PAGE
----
Deep into a Bamboo Forest

Sustainability

is in our nature

At Bamboo Bioproducts, sustainability and responsibility are integral to our practices. 

Sustainability practices

We will farm bamboo from our sustainably managed forests for the resource-efficient production of our pulp. We will produce significant amounts of renewable energy and other biofuel from our residual biomass, which can replace fossil-based raw materials as well.

Bioenergy and bioproducts

We are committed to utilising our bamboo raw material as efficiently and diversely as possible. Bamboo is a type of biomass material that has great potential as a bio-energy resource.

 

Prior to processing our bamboo, we will use residual twigs and branches to support a Jamaican cottage industry that produces straws and stirrers. Furthermore, the side-streams of the pulp production process open up a wide variety of opportunities for the extraction, refining and development of new and exciting bioproducts from residual biomass including sludge for cementation and road infill.

Throughout our whole business, we are continually striving for increasing efficiency in terms of the environment, and in terms of resources, raw materials, water and energy. Currently, we are looking toward the future onsite production of biofuel pellets and particleboard from residual bamboo waste. 

The Recovery Boiler selected for the BBP mill not only recovers chemicals and generates power efficiently, but also does this in a safe, reliable and environmentally sound process. The Recovery Boiler is the essential part of the Kraft process of pulping where chemicals for white liquor are recovered, reformed and recycled from black liquor.  Black liquor contains primarily lignin from the previously processed bamboo. The black liquor is burned, generating heat, which is turned into steam and used to make electricity, much as in a conventional steam power plant.  The power generated by the mill is more than the mill consumes. It, therefore, has a small surplus of electricity which BBP intends to use for the benefit of the host community - and to power the electric trucks used to move materials and finished products.

Education and training

The lack of education and training necessary for earning a sufficient income is a key challenge in many local communities. At BBP, we are committed to providing various programmes, vocational trainings and scholarships to help improve this. 

Local economy

Find out how we plan to address local economic concerns, including lack of job opportunities and farming contracts. 

Social infrastructure

Aiding the health and infrastructure of local communities is integral to our practices. Find out how we plan to address local concerns, including pollution, damaged roads and housing.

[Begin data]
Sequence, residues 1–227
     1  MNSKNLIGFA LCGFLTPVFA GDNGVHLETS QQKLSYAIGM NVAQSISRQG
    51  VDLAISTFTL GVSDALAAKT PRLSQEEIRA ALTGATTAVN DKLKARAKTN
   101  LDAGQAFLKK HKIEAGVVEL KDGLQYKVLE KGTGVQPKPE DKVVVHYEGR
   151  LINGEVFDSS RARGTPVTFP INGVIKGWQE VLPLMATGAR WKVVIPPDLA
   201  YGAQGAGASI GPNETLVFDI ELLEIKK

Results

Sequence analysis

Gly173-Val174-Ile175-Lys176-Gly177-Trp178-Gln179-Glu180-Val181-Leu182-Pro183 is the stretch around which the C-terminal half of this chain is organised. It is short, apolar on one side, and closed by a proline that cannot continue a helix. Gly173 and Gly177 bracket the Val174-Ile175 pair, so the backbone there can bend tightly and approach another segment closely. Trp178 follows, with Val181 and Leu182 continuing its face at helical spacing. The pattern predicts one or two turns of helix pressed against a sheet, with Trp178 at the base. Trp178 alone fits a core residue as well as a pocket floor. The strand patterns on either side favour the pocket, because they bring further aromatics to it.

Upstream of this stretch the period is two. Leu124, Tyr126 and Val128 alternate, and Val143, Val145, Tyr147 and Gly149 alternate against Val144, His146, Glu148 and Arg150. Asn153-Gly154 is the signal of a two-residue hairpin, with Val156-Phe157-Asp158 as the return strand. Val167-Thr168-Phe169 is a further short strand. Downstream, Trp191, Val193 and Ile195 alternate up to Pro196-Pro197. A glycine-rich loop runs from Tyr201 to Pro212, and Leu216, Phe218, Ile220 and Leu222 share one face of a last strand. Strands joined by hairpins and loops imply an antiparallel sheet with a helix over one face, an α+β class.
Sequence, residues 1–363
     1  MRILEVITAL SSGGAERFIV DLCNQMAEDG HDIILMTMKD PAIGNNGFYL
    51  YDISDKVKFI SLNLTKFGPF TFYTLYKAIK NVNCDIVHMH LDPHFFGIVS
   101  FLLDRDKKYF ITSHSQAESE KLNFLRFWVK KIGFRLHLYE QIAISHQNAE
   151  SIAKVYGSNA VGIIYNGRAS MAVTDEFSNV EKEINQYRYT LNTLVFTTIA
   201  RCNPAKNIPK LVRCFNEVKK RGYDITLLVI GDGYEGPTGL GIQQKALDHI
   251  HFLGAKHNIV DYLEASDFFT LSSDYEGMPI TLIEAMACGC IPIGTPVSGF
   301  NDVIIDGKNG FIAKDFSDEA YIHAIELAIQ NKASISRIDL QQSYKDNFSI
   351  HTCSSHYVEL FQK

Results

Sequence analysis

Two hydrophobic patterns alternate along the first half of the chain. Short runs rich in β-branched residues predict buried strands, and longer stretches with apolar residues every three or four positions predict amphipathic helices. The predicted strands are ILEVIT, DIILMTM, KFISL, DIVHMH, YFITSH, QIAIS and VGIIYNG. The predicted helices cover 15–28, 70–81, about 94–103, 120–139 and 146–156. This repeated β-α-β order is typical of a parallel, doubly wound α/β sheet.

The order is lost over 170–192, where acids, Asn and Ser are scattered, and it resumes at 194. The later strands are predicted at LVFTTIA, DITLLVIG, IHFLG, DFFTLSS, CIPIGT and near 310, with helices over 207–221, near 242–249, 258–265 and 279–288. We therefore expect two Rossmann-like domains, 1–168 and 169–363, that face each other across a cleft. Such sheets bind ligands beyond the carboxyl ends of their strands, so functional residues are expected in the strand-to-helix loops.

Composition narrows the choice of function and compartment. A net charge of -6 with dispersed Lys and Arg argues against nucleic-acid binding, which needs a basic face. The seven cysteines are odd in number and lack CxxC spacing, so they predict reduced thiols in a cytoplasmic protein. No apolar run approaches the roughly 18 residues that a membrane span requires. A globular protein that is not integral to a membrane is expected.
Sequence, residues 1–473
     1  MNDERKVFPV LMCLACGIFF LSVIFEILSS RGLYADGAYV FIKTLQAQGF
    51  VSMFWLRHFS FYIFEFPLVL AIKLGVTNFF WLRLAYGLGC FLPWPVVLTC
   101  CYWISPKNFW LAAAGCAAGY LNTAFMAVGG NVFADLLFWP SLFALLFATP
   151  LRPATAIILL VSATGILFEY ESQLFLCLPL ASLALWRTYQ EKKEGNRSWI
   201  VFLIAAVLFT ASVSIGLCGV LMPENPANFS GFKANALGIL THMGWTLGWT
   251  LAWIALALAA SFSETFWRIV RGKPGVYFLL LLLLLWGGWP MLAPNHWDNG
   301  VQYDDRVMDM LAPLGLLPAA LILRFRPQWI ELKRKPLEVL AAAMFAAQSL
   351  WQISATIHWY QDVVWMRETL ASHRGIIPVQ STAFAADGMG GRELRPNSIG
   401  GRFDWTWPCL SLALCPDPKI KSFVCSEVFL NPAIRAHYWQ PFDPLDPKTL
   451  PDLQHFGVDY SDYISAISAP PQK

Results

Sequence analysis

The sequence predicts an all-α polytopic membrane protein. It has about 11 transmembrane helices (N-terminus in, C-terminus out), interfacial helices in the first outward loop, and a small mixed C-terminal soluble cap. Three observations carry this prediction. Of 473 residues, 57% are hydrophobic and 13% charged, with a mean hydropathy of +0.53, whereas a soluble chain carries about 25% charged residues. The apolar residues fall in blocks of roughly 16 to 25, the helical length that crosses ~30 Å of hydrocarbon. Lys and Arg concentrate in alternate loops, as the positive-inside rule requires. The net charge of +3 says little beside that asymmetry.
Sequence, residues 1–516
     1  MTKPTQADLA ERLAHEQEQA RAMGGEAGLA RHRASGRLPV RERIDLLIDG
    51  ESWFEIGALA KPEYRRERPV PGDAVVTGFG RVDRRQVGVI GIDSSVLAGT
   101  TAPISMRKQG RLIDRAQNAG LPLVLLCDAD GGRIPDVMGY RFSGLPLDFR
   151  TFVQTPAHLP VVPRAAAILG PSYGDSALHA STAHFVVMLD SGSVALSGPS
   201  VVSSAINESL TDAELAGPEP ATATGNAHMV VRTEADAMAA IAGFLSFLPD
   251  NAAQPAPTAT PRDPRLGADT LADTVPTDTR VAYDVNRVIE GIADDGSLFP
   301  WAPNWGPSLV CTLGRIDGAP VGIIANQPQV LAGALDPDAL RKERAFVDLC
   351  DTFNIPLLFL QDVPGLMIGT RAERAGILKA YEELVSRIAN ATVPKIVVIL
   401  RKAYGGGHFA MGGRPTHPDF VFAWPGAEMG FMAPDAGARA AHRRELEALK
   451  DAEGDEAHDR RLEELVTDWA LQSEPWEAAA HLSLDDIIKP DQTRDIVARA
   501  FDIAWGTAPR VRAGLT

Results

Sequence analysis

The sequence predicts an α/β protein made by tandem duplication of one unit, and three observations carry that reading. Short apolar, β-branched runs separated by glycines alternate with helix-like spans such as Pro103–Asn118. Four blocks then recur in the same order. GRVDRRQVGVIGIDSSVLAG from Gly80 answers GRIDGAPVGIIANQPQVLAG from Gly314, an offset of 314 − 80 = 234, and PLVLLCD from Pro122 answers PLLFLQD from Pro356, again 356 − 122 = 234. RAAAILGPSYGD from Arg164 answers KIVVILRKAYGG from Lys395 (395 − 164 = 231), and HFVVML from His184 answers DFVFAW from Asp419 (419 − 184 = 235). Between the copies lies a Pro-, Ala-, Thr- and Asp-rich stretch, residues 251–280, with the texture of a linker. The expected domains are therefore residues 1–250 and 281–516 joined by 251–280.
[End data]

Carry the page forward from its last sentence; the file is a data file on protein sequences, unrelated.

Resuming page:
Social outreach needs

At BBP, we are committed to the welfare of local vulnerable groups, including children, elderly, poor and disabled people. Find out more on our plans for social outreach needs.

Product Life Cycle

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Step 1

Cut wild bamboo for feedstock

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Feedstock

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Step 2

Plant bamboo in two methods: young poles laid flat in a furrow and sowing bamboo stakes in bags to plant

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Plant

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Step 3

High yield bamboo farm

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Bamboo Farm

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Step 4

Harvest and chip bamboo

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Harvest

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Step 5

Convert bamboo chips into bamboo pulp at BBP mill

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Convert

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Step 6

Air dry baled and rolled fluff pulp

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Finished Pulp

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Step 7

Export pulp to N & S. America & Europe

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Export

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Converted end product ready to be purchased

Step 9

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End product

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Step 8

Consumer tissue and personal hygiene producers convert bamboo pulp at their facilities

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Convert pulp

 

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